Hoover family still recommends COVID vaccines despite dealing with myocarditis

Published: May. 27, 2021 at 7:54 PM CDT
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HOOVER, Ala. (WBRC) - The Centers for Disease Control is looking into a possible link between heart problems and COVID-19 vaccines in teenagers and young adults called myocarditis.

One local family has dealt with condition and has a message for other families considering whether to allow their kids to get a COVID shot.

The Hiers family has personal experience with myocarditis.

Their 16-year-old was diagnosed with the condition following his second COVID-19 shot.

But they said despite this scare, they still would recommend the COVID-19 vaccine to everyone, including children.

16-year-old Noah Hiers got his first COVID-19 shot just days after Pfizer received Emergency Use Authorization for those 16 and older.

“So, he was one of the first 16-year-olds to get his shot. His first shot was fine. He had no problems. He actually went back to regular activities,” said Noah’s mother, Tanya Hiers.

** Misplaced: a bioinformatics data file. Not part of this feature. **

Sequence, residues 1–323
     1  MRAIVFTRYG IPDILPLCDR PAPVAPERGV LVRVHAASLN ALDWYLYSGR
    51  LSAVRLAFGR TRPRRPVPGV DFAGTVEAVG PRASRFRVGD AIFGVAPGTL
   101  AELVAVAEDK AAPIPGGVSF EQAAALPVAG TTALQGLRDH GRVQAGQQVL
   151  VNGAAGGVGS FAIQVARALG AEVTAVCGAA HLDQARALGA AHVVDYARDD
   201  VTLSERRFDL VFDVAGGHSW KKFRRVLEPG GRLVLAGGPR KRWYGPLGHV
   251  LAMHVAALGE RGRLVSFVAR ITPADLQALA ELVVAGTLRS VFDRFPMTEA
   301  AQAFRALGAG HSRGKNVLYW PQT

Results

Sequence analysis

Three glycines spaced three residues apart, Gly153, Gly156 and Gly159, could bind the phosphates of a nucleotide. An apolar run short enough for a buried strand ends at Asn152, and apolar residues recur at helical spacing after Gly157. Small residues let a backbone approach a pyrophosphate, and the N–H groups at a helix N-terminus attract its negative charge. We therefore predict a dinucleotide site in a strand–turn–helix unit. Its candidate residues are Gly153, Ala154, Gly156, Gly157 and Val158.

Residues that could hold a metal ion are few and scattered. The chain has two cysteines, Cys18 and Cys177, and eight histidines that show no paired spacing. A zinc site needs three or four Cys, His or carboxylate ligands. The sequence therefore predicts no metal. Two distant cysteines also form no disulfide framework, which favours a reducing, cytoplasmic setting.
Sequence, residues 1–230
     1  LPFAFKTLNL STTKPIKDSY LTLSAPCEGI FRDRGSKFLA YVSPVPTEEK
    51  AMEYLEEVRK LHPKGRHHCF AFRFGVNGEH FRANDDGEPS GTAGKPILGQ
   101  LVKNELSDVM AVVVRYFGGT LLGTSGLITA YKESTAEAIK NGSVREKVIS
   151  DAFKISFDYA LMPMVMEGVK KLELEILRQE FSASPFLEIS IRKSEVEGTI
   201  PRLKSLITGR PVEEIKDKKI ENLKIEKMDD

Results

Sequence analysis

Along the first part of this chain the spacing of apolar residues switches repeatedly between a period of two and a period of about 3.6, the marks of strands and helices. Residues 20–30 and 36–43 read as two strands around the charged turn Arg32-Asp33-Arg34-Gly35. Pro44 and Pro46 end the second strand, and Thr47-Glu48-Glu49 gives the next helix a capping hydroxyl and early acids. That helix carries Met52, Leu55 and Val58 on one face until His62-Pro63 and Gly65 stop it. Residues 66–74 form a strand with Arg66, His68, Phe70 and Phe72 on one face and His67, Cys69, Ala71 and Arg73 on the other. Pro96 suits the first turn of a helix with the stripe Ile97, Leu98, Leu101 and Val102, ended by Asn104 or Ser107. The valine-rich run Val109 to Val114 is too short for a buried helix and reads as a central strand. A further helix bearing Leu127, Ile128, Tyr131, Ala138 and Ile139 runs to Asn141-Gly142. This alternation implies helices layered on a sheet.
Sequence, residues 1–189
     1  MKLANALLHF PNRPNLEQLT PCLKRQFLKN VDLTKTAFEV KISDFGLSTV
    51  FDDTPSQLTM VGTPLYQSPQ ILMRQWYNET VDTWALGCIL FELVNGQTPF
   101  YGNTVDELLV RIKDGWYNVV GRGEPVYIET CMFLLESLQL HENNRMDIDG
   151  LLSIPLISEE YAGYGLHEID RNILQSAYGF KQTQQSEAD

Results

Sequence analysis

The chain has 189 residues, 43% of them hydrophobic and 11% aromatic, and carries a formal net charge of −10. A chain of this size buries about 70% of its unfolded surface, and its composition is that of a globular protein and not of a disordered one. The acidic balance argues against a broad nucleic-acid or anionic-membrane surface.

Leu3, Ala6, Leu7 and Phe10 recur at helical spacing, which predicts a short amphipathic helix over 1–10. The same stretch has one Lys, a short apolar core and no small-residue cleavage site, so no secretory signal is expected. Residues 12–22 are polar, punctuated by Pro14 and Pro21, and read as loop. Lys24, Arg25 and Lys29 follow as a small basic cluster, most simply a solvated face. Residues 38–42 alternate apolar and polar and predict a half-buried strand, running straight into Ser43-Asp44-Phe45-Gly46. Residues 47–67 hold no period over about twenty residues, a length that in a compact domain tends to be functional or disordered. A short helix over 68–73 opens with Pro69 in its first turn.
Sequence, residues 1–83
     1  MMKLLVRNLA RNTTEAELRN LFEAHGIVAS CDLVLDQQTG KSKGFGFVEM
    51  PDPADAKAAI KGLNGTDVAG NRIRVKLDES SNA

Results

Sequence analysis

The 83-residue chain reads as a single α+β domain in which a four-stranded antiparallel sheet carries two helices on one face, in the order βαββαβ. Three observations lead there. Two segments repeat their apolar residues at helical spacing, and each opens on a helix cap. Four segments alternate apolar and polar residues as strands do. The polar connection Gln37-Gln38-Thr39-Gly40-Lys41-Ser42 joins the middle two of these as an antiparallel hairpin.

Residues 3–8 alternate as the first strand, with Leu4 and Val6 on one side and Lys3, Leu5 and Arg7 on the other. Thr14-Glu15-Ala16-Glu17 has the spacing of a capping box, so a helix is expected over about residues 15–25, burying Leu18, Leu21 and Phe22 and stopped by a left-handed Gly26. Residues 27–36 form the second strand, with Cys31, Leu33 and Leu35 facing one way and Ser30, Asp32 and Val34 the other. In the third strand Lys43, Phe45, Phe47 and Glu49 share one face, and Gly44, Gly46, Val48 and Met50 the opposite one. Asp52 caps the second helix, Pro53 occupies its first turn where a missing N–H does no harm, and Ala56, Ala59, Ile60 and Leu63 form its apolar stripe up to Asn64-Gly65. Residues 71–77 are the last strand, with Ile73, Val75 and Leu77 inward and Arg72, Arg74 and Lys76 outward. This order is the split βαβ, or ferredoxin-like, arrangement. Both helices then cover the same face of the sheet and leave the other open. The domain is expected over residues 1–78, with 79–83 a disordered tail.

But after receiving his second shot, he started feeling sick.

“He started throwing up and he didn’t want to get up off the sofa. Some of the same things that I had experienced when I got my second shot,” Hiers said.

Hiers said Noah started feeling better within a few days, but she wanted him to go to the doctor to be sure everything was OK.

That’s when she got the call that he would need to be admitted to the hospital.

“I felt great when I went to the doctor. No chest pain at all. And then I was sitting in there for three hours and I got my blood test back and they said that I had to be admitted. By the time we got to the hospital, I was feeling pretty bad again,” Noah explained.

He said the chest pains didn’t last long, and he hasn’t had any other symptoms since leaving the hospital.

Doctors have now given him a clean bill of health, but will continue to monitor his progress.

Despite the ordeal, Noah and his mother said they would still get the COVID-19 vaccine and encourage others to do the same.

“As unfortunate as it was, I do think it’s rare and now his heart is functioning back to how it was before,” Hiers said.

“Getting COVID is clearly much, much worse than what I had to deal with. So, my myocarditis was not nearly as severe as it would have been had I had something like COVID,” Noah said.

The CDC said there are “relatively few reports” of myocarditis.

Symptoms include chest pains, shortness of breath, and fatigue.

If your child experiences these symptoms after getting a COVID vaccine, you’ll want to get them to a doctor.

Doctors said the condition typically resolves fairly quickly.

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